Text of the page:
Thought Leader Interview with Engr. Kabiru Adamu, General Manager, System Planning and Development Department, Transmission Company of Nigeria
Our guest today is Engr. Kabiru Adamu, a confirmed speaker for the upcoming Puttru event titled ‘EnergyMingle.’ Engr. Adamu currently serves as the General Manager for the Department of System Planning and Development at the Transmission Company of Nigeria (TCN).
In this interview, he provides exclusive insights into the impact of the new Electricity Act, signed by President Bola Ahmed Tinubu. This Act is expected to act as a catalyst for attracting the much-needed investment into the Nigeria Electricity Supply Industry (NESI), and he explains how the Act will meet this expectation.
What is the core mission and mandate of TCN?
Firstly, TCN, the Transmission Company of Nigeria, plays a key role in providing transmission services, establishing transmission infrastructure, operating, and maintaining it.
The second part of our responsibility involves the day-to-day operations related to the interconnection between the transmission system and two other segments of the power system value chain, specifically generation and distribution; system operation falls under the purview of TCN.
The third aspect of our role involves serving as the market operator that administers the wholesale electricity market and oversees its growth.
What is involved in power transmission system planning?
Planning the transmission system involves examining electricity demand across the country, assessing the demand’s magnitude through investigative studies like demand forecasts to determine the necessary power capacity to serve Nigerian consumers. We then evaluate the potential and availability of generation resources to meet this demand. Next, we focus on planning the transmission system, connecting generation resources with the demand side to efficiently deliver the generated power to end-users, ensuring that Nigerian consumers have access to electricity. This planning role bridges the gap between the two ends, guaranteeing the presence of adequate infrastructure while looking to the future. Essentially, our work revolves around long-term planning, forecasting future electricity needs , and implementing programs to establish the required infrastructure within feasible timelines to meet these demands.
What are the financial and technical challenges associated with enhancing and expanding Nigeria’s transmission infrastructure?
Starting with the technical challenges, one of the critical factors in efficient planning is data quality. Planning heavily relies on data, and it must be both qualitative and obtained from a reliable source. As you engage in periodic planning activities, the availability of high-quality data becomes critical. This ensures that your assumptions and projections, which inherently involve peering into the future, align with reality when planning concludes. The data quality must be solid. For instance, let’s say that you’ve planned the establishment of a specific transmission infrastructure five years down the road, then commence with feasibility studies, project design, procurement, and implementation, all aimed at making sure that the project becomes operational in year 5. If, however, the data used in forecasting and planning lacks credibility, and as reality unfolds, it diverges from the plan, your investment can become stranded. Given that transmission systems demand substantial capital, a judicious approach is necessary before expenditures are incurred. Data and data integrity represent one of the prominent challenges we face. The sources of this issue are often elusive. After scrutinizing the data, sometimes we find ourselves with data that lacks in integrity. This directly impacts the pace at which we can execute projects. Beyond data, having the correct data opens the door to examining various least cost options, allowing us to consider multiple options and opt for the most cost-effective solution for implementation.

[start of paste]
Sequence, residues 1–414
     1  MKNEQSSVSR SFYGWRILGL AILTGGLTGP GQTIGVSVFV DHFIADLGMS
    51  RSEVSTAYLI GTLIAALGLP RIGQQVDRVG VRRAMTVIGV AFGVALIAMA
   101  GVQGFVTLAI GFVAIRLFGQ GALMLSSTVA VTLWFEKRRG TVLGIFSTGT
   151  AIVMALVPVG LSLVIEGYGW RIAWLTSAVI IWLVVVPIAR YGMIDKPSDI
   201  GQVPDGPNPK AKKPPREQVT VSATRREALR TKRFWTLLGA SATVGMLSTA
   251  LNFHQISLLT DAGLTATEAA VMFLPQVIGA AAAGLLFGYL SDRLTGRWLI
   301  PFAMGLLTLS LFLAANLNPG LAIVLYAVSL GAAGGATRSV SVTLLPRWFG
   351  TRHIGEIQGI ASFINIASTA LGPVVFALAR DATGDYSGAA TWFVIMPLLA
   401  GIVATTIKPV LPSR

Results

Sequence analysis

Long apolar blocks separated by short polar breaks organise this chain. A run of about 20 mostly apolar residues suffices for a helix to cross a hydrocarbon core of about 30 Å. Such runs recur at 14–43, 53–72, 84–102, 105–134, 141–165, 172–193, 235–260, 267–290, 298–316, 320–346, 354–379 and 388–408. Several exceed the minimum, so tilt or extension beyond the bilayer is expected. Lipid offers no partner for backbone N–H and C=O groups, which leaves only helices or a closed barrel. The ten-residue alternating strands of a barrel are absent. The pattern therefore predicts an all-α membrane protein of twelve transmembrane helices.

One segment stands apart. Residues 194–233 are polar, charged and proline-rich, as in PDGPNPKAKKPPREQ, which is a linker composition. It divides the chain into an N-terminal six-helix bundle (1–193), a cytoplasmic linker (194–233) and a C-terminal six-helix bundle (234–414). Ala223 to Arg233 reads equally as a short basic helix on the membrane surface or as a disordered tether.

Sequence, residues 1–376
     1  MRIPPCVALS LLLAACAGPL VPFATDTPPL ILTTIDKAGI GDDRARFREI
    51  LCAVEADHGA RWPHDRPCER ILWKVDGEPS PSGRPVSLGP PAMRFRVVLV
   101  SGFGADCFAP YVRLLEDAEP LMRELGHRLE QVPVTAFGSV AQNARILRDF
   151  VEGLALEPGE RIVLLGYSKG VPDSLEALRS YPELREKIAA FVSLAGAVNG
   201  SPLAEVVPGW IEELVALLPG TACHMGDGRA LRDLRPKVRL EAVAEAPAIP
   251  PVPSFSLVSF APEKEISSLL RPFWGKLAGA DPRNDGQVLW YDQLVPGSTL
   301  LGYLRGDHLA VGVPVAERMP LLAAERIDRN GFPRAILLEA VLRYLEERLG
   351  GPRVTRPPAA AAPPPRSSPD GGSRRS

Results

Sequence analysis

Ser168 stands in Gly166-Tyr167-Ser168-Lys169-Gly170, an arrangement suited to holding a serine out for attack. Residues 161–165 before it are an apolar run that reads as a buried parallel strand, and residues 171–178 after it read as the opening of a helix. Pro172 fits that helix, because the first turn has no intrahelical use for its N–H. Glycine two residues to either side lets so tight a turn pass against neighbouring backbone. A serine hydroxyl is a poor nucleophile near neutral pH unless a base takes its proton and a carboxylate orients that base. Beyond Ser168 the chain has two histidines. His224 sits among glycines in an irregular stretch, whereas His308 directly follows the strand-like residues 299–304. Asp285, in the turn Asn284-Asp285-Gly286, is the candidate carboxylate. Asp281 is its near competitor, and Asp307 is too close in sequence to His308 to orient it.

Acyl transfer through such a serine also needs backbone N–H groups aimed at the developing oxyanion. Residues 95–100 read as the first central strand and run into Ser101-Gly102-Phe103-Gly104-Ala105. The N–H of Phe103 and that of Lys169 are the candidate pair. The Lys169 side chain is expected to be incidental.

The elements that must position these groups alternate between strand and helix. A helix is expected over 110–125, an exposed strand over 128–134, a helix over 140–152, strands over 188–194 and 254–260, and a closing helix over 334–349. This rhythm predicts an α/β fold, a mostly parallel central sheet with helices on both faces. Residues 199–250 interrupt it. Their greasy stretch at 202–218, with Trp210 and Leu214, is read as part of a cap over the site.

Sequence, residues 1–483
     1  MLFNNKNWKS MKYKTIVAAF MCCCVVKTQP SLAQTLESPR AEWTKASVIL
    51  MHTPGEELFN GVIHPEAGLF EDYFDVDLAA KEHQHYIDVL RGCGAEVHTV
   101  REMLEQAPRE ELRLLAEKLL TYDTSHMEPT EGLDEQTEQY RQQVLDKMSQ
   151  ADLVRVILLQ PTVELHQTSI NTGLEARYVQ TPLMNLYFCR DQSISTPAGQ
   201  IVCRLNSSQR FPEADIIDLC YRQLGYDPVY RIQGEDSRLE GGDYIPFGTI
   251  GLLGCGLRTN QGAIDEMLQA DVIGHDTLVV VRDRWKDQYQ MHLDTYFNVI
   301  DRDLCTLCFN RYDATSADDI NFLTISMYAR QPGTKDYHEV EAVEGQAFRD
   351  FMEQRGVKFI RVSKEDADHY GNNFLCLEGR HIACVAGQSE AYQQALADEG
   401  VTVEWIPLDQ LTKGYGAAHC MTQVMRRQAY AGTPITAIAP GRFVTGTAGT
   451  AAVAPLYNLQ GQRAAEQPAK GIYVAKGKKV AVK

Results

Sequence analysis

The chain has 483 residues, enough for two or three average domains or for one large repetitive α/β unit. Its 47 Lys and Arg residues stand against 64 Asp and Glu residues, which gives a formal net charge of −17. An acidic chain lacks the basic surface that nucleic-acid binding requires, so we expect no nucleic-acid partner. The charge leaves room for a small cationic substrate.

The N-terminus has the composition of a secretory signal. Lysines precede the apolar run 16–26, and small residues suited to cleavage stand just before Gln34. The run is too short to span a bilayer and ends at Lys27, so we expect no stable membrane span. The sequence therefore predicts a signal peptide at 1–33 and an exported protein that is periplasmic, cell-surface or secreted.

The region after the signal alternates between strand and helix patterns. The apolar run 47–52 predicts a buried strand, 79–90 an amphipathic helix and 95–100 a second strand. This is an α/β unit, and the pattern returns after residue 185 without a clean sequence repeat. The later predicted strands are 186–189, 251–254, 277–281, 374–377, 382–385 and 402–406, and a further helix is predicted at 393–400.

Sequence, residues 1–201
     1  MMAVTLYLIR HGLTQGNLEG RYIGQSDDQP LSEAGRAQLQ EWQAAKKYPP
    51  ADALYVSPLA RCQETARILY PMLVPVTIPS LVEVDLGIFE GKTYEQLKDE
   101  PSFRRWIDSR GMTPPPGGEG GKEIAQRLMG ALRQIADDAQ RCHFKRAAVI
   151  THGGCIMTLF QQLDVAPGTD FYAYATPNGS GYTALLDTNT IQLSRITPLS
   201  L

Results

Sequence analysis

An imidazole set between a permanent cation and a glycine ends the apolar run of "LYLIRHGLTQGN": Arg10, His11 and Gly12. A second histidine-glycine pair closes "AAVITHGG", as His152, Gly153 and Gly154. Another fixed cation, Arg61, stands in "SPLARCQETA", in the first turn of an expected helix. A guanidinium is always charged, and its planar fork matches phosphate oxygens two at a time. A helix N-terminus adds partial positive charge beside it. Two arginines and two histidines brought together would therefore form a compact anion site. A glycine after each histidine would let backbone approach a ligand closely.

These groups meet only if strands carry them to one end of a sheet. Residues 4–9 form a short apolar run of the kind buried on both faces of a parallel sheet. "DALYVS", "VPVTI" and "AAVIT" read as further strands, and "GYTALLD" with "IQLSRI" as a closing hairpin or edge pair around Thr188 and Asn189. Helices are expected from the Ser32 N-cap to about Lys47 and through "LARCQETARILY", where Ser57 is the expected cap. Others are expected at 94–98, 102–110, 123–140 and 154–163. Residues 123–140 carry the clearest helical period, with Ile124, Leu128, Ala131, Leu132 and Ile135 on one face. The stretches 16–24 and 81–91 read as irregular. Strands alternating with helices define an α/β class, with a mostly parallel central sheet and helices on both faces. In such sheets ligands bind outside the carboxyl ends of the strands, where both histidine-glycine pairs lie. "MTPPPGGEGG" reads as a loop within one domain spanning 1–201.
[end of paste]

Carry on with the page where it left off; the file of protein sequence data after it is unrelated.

Turning to financial resources and challenges, unquestionably, this is a pertinent concern since transmission infrastructure is capital-intensive. TCN predominantly depends on one financing source, occasionally supplementing this with support from the federal government as a secondary source. Our primary source is internally generated revenue, derived from the services we currently provide in the Nigerian electricity market. This revenue serves our daily operations and is intended to cover the capital expenditure needed for system implementation. Nevertheless, the reality is that the liquidity crisis within the Nigerian electricity market continues to affect us. TCN is among the entities grappling with revenue recovery challenges in this market, hindering our capacity to roll out projects. While we do receive federal government interventions, these allocations often fall short of the requirements for our ongoing projects, leading to project backlogs. As a government agency, we have the opportunity to access loans from multilateral financing organizations to drive certain critical projects, some of which are underway, while others have been successfully completed. Our goal is to deliver more projects, as this not only expands our service capabilities but also increases our revenue streams.
How does TCN stay informed and adapt to changes in renewable energy regulations at the global level?